Rubber is Tiresome (Get It?)

At the Northwest Film Forum for two more showings (tonight and tomorrow at 5 p.m.) thanks to an extended run, Rubber is the killer tire movie you’ve heard so much about. The conceit is simple: For no reason, a car tire gains awareness, self-mobility, and psychokinetic powers, and then proceeds to stalk and kill everything in its path. But writer-director Quentin Dupieux (aka DJ Mr. Oizo) takes it one step further by turning his horror flick into a commentary on film itself.

Out in the desert, there’s a dozen looky-loos watching the tire through binoculars, complaining that the plot is moving too slowly, cheering on the tire’s kills, shushing other viewers’ incessant comments. And the action going on–cops chasing the tire as it looks for new victims–exists for these voyeurs’ benefit. It’s a movie audience within the movie, making what would otherwise be a slasher joke into an exercise in meta.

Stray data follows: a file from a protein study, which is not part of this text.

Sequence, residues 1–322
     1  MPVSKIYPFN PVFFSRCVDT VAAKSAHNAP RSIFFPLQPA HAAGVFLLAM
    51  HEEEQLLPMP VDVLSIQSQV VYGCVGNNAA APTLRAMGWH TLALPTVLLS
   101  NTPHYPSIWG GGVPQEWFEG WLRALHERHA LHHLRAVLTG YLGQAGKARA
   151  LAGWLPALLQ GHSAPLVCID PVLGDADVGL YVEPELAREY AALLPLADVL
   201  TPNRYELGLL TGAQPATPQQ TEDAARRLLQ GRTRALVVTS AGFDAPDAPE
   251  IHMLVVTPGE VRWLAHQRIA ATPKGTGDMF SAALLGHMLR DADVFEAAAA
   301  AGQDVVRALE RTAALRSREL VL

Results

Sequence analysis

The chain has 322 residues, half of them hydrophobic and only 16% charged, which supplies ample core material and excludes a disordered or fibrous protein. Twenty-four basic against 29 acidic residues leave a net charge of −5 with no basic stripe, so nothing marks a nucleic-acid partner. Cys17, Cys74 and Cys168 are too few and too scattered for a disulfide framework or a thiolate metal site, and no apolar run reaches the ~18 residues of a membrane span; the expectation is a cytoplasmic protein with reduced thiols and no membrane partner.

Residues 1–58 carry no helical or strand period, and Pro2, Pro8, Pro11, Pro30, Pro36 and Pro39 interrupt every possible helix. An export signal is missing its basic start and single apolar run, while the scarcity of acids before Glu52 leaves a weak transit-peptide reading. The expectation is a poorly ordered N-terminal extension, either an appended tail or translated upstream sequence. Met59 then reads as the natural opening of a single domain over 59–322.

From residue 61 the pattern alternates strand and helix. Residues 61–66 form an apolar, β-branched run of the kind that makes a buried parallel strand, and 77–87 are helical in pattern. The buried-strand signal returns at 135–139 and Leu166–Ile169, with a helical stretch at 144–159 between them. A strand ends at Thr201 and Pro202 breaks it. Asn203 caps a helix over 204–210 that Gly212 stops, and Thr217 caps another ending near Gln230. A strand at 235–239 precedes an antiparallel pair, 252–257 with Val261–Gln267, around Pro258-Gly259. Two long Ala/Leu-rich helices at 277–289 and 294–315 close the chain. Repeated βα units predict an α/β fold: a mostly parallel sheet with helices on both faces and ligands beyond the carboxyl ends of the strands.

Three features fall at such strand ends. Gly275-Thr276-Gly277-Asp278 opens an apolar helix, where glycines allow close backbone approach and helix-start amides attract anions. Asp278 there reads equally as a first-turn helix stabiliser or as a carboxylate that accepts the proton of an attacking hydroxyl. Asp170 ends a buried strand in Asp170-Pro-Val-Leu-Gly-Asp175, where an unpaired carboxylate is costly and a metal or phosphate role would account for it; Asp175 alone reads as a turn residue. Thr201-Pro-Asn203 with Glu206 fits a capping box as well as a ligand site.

In other words, it’s French.

While it often errs on the side of being too cute by half, Rubber certainly has its sly moments, most of which comes from the “acting” of Robert the tire. (In the sequel, he will assuredly be played by James Franco.) Dupieux’s got a natural eye and a talent for perspective, and of course he scores the film well. As the filmmaker makes clear by the end of the tire’s run, this is just the beginning–he’s got Hollywood in his sights.